For this discussion I settled on Corvus Corax or the Common raven as my species of choice. I find ravens a very interesting bird for a number of reasons including their mythological relevance with indigenous Alaskan populations, their unique visual appearance, and their intelligence. This combined with their frequent presence in urban areas of Alaska, made them seem like a solid pick for this assignment. Unfortunately, I was not able to acquire any photographs of wild specimens, but I was able to find a number of records available on the Arctos database for review, and as such I will be focusing on Part B of this week’s assignment.
                The Arctos database contained just over 2,000 records of Corvus Corax specimens, though not every specimen was fully intact or identified with the same degree of confidence, with some specimens consisting of a single bone. Some of the specimens were collected as far back as 1900, though the accuracy of these dates varied greatly throughout the collection, with some specimens dated to a specific day, others to a month, and some lack any collection date at all. The geographic range of the specimens seemed a close fit to the expected species range, with samples ranging from the United States, Canada, Greenland to Mongolia, El Salvador, and Texas. Though the range was extensive the distribution of specimens within that range heavily skewed towards Alaska and Canada, with only single specimen in El Salvador and Mongolia, and the El Salvador specimen was on the skin of the raven.
                Most of the records included the identity of the collector or identifier, when and where it was collected and its place of residence, though there were specimens who lacked one or more of these details. Similarly, data about the specimens varied widely, likely due to different focuses by the collectors and the intactness of the specimen. Some information that was collected included, Age, sex, weight, Condition of the Body, and the presence of any parasites.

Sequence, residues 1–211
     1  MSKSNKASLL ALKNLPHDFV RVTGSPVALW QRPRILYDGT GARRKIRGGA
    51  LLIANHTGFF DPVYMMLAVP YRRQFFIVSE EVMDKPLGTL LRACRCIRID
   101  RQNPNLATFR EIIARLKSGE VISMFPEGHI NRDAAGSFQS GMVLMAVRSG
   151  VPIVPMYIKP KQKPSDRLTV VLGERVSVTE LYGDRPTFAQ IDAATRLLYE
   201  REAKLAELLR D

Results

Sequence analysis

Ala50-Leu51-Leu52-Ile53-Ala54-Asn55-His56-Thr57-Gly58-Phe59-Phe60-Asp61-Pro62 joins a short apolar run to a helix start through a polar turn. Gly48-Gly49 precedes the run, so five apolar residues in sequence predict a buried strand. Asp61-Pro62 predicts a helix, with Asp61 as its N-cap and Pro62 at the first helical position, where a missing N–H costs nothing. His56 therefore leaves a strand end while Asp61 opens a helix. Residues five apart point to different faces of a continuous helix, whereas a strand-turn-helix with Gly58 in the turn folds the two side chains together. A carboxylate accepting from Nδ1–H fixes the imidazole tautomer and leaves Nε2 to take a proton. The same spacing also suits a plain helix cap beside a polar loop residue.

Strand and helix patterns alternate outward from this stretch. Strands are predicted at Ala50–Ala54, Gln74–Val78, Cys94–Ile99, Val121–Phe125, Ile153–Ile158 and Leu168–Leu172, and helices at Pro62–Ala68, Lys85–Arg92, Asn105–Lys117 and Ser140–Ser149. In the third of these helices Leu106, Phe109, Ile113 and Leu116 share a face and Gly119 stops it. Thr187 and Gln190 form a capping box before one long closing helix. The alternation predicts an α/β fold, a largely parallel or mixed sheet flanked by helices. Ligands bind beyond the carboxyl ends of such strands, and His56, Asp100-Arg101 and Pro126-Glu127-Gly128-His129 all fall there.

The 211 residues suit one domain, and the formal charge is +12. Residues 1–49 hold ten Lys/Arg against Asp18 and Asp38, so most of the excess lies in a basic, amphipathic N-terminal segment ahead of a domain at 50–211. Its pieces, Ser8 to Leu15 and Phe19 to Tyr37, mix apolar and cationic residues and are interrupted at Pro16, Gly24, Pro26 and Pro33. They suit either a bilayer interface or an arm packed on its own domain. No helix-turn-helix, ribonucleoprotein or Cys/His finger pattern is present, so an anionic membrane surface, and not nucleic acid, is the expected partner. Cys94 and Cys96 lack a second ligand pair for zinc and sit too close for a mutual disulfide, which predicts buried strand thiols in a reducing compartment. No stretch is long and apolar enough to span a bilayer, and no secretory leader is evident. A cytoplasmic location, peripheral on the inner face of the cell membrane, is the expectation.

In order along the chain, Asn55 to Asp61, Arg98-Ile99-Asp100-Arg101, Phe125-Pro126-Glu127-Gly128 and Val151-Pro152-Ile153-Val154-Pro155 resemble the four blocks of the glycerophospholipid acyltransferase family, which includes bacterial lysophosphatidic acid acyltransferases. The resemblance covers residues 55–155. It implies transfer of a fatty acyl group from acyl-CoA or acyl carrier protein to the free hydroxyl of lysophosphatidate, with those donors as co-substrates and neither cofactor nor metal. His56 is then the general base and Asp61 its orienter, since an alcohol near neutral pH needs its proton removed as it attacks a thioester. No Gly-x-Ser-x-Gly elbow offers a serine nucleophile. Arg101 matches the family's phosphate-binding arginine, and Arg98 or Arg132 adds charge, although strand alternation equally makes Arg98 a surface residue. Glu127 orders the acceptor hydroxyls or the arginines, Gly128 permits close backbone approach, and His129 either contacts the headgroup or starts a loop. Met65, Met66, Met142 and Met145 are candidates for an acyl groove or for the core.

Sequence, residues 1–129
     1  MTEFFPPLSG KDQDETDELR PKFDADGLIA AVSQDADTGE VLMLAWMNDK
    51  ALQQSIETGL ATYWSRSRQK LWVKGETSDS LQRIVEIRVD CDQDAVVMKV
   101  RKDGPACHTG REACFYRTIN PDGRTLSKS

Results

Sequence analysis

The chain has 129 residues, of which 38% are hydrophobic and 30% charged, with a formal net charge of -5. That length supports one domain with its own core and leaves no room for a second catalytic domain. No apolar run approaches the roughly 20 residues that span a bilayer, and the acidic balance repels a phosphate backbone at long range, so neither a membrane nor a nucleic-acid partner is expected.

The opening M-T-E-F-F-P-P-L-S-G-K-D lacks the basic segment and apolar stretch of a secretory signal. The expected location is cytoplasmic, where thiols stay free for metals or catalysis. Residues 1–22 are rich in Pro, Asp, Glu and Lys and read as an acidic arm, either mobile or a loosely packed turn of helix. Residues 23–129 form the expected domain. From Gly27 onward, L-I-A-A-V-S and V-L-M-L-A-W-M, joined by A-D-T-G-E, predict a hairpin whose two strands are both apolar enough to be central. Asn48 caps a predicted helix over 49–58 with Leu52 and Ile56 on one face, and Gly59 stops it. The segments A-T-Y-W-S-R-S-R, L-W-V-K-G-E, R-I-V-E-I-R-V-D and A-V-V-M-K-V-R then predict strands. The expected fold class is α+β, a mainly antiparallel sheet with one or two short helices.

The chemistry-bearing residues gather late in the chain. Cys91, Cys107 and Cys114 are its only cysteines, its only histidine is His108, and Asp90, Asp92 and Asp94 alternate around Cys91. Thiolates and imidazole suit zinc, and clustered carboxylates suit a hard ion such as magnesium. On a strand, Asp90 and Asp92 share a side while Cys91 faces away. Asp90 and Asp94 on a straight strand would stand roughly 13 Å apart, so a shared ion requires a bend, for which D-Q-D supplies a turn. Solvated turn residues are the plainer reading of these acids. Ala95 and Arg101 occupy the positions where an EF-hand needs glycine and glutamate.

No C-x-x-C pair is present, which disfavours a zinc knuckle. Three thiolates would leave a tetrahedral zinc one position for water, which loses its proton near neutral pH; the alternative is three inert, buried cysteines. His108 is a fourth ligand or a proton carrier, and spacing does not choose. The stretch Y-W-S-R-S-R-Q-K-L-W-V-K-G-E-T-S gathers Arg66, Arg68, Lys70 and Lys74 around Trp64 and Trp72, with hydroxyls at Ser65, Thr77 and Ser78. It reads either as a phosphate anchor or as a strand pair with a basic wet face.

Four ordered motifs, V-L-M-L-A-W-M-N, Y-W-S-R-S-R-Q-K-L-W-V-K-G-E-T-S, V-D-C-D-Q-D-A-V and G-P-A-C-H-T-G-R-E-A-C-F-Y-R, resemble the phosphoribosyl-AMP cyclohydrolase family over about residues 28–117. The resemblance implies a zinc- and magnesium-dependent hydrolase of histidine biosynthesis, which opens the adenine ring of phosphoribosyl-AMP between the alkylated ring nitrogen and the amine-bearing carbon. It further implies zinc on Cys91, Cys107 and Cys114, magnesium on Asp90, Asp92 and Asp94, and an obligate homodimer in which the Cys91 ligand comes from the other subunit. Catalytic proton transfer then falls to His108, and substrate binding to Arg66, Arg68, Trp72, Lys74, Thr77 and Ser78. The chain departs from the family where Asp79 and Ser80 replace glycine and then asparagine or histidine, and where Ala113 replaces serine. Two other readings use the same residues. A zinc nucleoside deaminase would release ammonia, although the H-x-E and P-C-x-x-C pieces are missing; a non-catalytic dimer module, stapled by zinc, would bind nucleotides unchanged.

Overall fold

When collecting data from a living specimen you are limited by the measurements that can be conducted without harming the subject, and the exact data can vary depending on the collectors interest with the specimen, but features should include factors such as age, sex, wingspan, and weight, as well as the name of the person collecting this data, and the subjects point of origin. For dead and preserved specimens, we can include the condition of the specimen, internal measurements such as contents of the stomach or presence of parasites, and the date of death should be included if possible.
                My question for this week is this: How much control should researchers have over the data collected for their specimens relative to the museum? Should researchers be able to keep certain information private for specimens they collected until their research is published or should that material be included in the museums records as soon as they take ownership of the collection?      


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